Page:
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Regional Archives The Altamont Enterprise, January 29, 2009
Review: The Oxford Roof Climber’s Rebellion
By Zach Simeone
ALBANY Capital Repertory Theatre’s production of Stephen Massicotte’s The Oxford Roof Climber’s Rebellion, despite its strengths, wraps up as a not-so-memorable experience.
The play is based on actual events that took place after World War I and the Treaty of Versailles, circa 1920, when poet Robert Graves (Stafford Clark-Price), back from battle and shell-shocked, befriended soldier Thomas Edward Lawrence (Dylan Chalfy), known for his role in recent events as Lawrence of Arabia.
The play kicks off with their meeting at Oxford University. The play’s antagonist, British Foreign Secretary Lord Curzon (Kenneth Tigar), marches onto the scene shortly after.
While Tigar delivers a solid performance, and manages one of the only believable British accents, this introductory scene gives the impression that Curzon and Lawrence were old friends. As the plot rolls on, however, we come to realize that they are bitter enemies, and the transformation of their relationship if there was even supposed to be one is rather dull, as their interactions resemble a pissing contest more than an escalating conflict.
Curzon plans to designate Nov. 11 as a day of remembrance for the fallen soldiers of the war, whom he calls “the glorious dead.” The ensuing “rebellion” stems from Graves and Lawrence’s disgust with England’s sugar-coating of the massive slaughter that was World War I, with monikers like “The Great War,” when the memories of their fallen brothers remind them that nothing great transpired.
This point is illustrated poignantly by Lawrence, who tells Graves of the time he executed his own friend out of fear that the enemy might find the man’s injured body and torture him.
Still, the rebellion seems more like a series of pranks, though it climaxes with Lawrence hanging an Arabian flag from the roof of Oxford University, followed by words between he and Graves that may hit home for those who oppose our nation’s present-day position in the Middle East: “You can’t make England Arabia,” says Graves, to which Lawrence replies, “Neither can we make Arabia England.”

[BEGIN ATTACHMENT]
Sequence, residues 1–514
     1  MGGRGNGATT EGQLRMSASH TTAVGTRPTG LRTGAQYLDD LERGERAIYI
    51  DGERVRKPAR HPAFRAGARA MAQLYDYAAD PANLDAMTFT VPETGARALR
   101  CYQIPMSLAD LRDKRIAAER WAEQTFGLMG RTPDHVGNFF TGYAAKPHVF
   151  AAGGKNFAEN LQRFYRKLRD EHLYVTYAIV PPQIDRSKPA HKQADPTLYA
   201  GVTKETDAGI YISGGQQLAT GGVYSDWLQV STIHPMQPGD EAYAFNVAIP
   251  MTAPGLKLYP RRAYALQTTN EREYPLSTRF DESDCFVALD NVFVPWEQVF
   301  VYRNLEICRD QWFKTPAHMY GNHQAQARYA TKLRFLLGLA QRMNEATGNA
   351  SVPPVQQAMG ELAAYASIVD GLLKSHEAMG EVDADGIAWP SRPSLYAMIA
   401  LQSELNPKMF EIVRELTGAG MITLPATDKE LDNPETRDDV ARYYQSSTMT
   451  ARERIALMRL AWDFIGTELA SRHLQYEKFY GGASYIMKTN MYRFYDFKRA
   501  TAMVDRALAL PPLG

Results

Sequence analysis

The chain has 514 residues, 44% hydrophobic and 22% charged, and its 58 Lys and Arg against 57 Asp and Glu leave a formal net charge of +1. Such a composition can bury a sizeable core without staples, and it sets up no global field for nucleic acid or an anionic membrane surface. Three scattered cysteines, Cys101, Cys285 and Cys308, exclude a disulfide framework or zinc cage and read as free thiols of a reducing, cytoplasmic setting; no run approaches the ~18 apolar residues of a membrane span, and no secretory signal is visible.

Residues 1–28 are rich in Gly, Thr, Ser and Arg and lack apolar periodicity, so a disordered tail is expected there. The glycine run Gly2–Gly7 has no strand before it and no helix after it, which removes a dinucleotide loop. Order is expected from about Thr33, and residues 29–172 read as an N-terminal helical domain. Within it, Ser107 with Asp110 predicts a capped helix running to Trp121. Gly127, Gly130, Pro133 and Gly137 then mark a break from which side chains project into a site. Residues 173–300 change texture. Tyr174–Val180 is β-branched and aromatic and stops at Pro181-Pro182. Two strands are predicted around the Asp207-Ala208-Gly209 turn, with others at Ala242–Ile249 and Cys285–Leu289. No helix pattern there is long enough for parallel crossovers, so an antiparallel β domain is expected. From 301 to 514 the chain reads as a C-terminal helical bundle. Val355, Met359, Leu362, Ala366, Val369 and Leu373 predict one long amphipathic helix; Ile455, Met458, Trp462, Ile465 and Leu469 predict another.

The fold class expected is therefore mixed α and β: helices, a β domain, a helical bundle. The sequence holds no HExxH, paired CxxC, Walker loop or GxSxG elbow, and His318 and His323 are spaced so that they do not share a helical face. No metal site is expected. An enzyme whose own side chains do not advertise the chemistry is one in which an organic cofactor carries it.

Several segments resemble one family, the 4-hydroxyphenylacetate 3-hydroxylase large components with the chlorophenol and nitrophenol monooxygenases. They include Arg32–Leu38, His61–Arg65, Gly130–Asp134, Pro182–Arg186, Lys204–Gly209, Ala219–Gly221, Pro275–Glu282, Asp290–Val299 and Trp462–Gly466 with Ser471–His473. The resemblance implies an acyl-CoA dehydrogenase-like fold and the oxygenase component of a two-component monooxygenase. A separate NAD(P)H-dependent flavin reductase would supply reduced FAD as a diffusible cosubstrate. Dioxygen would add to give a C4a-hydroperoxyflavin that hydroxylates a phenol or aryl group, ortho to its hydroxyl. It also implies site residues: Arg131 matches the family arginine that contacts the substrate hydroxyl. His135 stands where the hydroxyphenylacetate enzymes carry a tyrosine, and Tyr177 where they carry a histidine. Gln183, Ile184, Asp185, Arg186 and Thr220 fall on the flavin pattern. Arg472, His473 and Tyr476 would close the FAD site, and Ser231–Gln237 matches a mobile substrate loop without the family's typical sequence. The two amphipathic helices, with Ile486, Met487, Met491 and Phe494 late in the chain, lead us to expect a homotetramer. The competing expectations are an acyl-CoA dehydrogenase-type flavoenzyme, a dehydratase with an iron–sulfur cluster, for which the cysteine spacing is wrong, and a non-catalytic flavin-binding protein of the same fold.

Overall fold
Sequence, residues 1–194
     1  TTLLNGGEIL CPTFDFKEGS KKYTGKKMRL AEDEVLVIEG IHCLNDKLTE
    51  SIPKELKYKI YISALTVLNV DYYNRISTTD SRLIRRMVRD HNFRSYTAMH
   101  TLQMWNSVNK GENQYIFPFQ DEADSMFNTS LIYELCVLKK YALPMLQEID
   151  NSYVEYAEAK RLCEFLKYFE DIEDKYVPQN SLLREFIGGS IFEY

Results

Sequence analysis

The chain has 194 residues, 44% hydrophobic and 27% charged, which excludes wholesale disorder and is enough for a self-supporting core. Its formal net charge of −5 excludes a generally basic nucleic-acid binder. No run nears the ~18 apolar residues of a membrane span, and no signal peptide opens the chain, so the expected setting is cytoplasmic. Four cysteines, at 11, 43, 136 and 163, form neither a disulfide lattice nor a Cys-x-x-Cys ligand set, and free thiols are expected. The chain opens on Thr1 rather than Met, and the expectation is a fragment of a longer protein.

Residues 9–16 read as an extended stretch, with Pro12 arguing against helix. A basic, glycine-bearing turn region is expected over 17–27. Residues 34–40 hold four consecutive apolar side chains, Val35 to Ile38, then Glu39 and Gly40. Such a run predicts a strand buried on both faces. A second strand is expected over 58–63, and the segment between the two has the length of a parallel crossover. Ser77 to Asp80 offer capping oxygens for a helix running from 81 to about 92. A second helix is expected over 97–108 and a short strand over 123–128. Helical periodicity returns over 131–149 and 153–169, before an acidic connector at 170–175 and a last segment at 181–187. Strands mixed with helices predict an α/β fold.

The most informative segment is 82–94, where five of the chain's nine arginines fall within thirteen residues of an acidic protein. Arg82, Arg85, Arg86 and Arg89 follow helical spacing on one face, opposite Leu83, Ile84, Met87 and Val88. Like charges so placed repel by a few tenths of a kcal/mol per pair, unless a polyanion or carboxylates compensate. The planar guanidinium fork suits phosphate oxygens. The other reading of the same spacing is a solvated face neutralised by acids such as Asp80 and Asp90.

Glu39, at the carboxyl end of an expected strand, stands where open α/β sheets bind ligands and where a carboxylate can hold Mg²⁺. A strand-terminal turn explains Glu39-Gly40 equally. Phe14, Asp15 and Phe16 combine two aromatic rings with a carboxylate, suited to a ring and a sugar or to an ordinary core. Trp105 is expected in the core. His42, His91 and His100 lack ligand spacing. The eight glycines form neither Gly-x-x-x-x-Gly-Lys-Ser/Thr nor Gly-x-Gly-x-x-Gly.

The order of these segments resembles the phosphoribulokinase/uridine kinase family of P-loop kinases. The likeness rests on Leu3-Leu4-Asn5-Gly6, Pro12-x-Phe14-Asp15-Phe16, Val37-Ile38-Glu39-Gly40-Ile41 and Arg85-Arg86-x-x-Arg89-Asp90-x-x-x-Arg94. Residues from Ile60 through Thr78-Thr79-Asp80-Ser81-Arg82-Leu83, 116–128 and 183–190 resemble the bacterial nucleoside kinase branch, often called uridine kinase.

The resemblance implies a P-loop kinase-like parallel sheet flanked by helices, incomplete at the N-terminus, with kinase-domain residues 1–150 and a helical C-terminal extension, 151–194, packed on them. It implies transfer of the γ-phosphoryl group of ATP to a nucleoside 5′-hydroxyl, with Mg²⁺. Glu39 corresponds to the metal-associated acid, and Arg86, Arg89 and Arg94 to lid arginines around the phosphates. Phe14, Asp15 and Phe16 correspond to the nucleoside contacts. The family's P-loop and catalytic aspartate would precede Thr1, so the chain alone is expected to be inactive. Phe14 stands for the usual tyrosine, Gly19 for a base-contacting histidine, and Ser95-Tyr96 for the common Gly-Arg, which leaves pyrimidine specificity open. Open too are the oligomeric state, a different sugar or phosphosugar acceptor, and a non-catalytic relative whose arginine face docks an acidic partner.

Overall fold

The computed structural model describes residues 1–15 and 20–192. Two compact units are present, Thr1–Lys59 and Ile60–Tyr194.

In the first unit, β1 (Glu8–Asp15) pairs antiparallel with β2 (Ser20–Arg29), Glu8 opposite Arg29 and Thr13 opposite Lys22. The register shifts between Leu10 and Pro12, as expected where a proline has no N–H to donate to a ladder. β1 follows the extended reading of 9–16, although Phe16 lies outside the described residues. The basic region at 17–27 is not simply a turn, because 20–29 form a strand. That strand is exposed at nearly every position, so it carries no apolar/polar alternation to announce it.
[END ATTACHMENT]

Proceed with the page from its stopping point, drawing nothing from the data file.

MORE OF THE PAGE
Likewise, audience members will draw parallels between Graves and Lawrence’s experiences in battle and the horrors that our soldiers face today, but Clark-Price’s portrayal of the war-torn poet Graves does not reflect a man who has been through a war he comes off more like a kid who has never been in a fight.
Chalfy’s portrayal of a stone-cold Lawrence of Arabia is a bit more convincing, though some of his exchanges with Graves kill his bravado. In one scene, Graves tells Lawrence he just might be the most dangerous man alive, to which Lawrence blandly replies, “I know.” Given different direction, this kind of exchange might reel an audience member in. Not happening.
While the direction is uninspired at points, it is not without merit. In one scene, Graves and Lawrence are seated in Curzon’s office, their backs to the audience, while Curzon faces the audience and interrogates them. This positioning provides an almost first-person point of view for the audience, and adds to the comedy of the scene. Memories of being yelled at in the middle-school principal’s office come to mind here.
Also, the back wall is dominated by a large monitor, which acts as a piece of digital scenery that illustrates for the audience the appearance of the room the characters are in. During blackouts, the silhouettes of stagehands show against the brightness of the screen, which makes for interesting transitions between scenes.
Still, those who plan on watching this show would do best to brush up on their history first, as this show does little to establish a context for the events that unfold. Whether this is the fault of the writer or the cast and crew is difficult to discern.
Graves’s wife, Nancy Nicholson (Erin Moon), is the emotional anchor in this play, as she is driven nearly mad both by her husband’s absence during his campaign with Lawrence, and by how the war has affected his mind and his health. She spends a great deal of time left alone with the responsibilities of taking care of their child and maintaining their shop.
Nicholson’s performance is an achievement because she not only pulls off an acceptable British accent, but is the only character who actually seems to be genuinely affected. The play and the history it portrays deserve as much.